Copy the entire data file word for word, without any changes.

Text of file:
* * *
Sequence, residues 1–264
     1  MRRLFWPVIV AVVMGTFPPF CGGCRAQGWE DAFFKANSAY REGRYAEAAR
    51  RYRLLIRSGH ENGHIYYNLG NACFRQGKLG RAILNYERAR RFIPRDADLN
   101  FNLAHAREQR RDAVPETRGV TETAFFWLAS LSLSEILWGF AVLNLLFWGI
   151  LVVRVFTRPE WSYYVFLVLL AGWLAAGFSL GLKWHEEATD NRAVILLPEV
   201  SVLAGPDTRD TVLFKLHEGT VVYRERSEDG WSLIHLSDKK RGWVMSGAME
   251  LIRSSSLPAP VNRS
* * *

Sequence, residues 1–264
     1  MRRLFWPVIV AVVMGTFPPF CGGCRAQGWE DAFFKANSAY REGRYAEAAR
    51  RYRLLIRSGH ENGHIYYNLG NACFRQGKLG RAILNYERAR RFIPRDADLN
   101  FNLAHAREQR RDAVPETRGV TETAFFWLAS LSLSEILWGF AVLNLLFWGI
   151  LVVRVFTRPE WSYYVFLVLL AGWLAAGFSL GLKWHEEATD NRAVILLPEV
   201  SVLAGPDTRD TVLFKLHEGT VVYRERSEDG WSLIHLSDKK RGWVMSGAME
   251  LIRSSSLPAP VNRS